Data from: Estimating effective population size of guanacos in Patagonia: an integrative approach for wildlife conservation
Trapmore, Richard; Sarno, Ronald J.; Jennings, David E.; Franklin, William L. (2016), Data from: Estimating effective population size of guanacos in Patagonia: an integrative approach for wildlife conservation, Dryad, Dataset, https://doi.org/10.5061/dryad.pr10g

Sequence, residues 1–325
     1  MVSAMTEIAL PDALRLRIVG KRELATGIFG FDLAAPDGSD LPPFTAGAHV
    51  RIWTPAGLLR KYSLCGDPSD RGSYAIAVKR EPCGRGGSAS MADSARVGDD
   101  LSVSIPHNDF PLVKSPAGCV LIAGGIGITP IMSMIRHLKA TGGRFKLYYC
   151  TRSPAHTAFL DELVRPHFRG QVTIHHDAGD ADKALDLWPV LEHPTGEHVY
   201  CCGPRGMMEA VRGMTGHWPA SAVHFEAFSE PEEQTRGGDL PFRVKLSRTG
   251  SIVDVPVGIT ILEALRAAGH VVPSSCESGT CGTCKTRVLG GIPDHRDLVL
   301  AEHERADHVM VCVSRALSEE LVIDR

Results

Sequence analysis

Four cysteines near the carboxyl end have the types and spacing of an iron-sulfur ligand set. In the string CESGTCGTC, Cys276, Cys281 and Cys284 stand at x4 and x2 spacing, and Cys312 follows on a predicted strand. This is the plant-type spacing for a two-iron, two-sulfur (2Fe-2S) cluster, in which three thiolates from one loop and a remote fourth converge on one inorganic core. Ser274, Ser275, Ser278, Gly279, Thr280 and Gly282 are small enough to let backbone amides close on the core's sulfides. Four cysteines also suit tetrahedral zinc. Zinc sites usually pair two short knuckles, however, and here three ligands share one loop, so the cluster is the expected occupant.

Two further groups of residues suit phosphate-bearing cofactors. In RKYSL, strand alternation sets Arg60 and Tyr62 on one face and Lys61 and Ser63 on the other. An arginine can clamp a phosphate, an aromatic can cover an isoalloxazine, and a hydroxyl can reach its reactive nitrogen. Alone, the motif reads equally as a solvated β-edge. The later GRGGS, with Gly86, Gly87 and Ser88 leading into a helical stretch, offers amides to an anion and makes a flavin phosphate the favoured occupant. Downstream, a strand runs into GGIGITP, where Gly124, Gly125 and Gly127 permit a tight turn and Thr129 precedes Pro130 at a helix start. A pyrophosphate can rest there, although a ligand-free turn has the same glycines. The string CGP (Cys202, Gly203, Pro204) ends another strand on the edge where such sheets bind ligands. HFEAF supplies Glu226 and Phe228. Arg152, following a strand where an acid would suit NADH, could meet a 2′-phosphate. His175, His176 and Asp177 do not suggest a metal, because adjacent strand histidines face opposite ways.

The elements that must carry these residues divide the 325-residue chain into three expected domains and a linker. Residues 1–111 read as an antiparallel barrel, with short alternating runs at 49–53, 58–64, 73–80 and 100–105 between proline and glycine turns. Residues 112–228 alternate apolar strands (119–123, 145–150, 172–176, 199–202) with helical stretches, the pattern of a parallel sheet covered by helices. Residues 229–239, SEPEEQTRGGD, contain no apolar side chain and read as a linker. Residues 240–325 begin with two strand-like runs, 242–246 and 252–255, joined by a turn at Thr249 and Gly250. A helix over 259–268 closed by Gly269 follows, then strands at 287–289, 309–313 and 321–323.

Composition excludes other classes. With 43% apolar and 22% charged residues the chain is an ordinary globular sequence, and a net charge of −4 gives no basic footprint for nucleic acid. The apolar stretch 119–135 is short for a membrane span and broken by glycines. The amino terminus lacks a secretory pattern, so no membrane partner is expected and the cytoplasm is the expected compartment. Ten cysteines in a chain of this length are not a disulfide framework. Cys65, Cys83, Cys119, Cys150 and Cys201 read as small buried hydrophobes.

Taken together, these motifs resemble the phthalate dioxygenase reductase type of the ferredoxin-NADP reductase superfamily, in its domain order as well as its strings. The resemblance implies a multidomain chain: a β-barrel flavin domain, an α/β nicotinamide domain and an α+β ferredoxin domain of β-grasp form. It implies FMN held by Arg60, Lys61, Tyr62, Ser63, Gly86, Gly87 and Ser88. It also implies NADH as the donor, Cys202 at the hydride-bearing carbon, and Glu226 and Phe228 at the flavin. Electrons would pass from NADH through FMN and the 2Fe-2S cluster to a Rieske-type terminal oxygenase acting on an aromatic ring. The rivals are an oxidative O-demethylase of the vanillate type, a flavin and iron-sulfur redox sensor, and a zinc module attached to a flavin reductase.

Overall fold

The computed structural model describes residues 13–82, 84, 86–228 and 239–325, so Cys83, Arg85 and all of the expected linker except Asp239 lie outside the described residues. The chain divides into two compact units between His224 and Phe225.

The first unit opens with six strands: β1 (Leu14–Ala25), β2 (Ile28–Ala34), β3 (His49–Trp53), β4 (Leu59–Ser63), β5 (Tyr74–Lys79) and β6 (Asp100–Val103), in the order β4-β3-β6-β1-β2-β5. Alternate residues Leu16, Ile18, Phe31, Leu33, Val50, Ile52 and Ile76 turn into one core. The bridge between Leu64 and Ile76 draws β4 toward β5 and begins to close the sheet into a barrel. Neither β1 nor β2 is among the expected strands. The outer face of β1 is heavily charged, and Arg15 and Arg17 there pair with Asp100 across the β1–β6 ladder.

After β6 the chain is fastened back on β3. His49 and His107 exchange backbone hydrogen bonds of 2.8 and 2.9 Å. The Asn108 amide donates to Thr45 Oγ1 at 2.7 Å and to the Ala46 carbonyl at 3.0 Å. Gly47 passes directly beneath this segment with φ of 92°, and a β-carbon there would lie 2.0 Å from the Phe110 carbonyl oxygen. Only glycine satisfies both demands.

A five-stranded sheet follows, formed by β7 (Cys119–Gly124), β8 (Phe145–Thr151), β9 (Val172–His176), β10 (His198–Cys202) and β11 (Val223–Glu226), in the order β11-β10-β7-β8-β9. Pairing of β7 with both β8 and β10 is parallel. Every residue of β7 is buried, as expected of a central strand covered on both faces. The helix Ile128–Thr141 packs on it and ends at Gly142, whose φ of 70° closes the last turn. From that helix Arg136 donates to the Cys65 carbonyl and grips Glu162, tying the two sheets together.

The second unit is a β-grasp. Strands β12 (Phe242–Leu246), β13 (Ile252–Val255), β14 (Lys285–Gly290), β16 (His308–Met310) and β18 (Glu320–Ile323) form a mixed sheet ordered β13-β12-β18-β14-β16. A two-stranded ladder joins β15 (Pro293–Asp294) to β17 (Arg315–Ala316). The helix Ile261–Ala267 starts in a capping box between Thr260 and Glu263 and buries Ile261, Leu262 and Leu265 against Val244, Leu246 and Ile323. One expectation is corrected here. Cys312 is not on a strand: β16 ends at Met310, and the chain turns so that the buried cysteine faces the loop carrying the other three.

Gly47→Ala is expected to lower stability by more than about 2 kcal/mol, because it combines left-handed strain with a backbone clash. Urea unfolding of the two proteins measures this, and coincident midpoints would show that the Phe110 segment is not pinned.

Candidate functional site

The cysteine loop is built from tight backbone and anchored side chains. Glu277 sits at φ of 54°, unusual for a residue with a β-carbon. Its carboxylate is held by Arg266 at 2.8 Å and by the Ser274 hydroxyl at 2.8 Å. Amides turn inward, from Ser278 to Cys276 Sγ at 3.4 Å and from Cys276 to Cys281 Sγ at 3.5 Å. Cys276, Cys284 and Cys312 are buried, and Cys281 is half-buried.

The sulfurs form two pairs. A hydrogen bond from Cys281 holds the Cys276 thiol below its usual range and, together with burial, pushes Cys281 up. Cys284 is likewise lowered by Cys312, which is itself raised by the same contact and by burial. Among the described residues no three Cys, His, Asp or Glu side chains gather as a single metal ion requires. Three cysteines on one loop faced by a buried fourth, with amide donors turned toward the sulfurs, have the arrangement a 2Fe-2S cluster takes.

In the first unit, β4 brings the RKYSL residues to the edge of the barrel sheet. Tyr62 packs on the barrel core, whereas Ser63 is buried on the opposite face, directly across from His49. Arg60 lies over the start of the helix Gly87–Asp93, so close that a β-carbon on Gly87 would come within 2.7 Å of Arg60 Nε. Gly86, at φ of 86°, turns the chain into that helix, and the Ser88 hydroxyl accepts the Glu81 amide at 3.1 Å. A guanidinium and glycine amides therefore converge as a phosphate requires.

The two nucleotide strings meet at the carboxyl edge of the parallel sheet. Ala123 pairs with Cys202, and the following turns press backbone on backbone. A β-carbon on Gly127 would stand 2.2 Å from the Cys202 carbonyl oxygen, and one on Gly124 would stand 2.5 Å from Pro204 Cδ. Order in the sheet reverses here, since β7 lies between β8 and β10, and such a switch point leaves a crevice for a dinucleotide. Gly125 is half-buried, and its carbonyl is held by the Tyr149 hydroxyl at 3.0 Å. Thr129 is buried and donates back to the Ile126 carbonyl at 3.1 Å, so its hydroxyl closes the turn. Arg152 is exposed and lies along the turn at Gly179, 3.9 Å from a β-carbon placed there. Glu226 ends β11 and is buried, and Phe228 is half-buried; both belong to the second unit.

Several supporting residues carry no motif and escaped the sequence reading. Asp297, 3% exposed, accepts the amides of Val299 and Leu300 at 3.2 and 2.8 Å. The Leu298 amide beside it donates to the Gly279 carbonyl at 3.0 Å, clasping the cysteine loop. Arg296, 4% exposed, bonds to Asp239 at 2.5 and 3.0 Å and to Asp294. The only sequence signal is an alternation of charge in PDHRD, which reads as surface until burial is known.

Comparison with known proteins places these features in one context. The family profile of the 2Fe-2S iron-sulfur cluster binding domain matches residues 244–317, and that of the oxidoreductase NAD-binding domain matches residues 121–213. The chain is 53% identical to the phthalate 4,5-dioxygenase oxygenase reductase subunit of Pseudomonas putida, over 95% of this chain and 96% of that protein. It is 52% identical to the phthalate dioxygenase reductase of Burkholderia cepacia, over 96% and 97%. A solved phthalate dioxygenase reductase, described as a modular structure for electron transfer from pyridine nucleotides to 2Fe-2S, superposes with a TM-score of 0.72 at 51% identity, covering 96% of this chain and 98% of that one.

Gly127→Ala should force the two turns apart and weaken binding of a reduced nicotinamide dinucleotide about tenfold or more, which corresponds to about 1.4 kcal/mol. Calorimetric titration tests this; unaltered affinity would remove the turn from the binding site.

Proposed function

By the mid-1900s the guanaco (Lama guanicoe) approached extinction in southern South America due to habitat destruction and hunting. In order to maintain the ecological prominence of this iconic species, as well as assist in the management of populations that are emerging economically while increasing in conservation value, accurate and potentially rapid estimates of effective population size (Ne) (demographic and/or genetic) are essential. Estimates of Ne generally focus on the genetic effective population size; however, we posited that both parameters may be necessary to provide more accurate and timely estimates. Therefore, we examined the performance of three demographic and four genetic estimators of Ne of guanacos in Torres del Paine National Park, Chile, at different years and time intervals between 1987 and 1997. We compared our estimates with census estimates of the adult population size (Nac) during the same time period. Average Ne/Nac ratios of demographic estimates varied between 0.04 and 0.99 of the adult census size. Genetic estimates varied between 0.02 and 0.08 of the adult census size. Based upon group composition and population size (n = 82) of guanacos in 1975, the number of breeding adults was 44 animals. Mean Ne of the single-sample and temporal genetic estimators was 43.1, and 34.3, respectively; estimated Ne of one of the demographic estimators was 41. Our findings suggest that intermittent genetic estimates of Ne (via fecal samples, carcasses, blood collection during capture, and/or other non-invasive methods) can provide crucial information regarding the genetic integrity of increasingly isolated populations of wild South American camelids. Considering the overall performance of these estimators, and differences in how each functions, we recommend an integrative approach using both genetic and demographic estimators, to evaluate Ne for the wild South American camelids and other species with polygynous mating systems.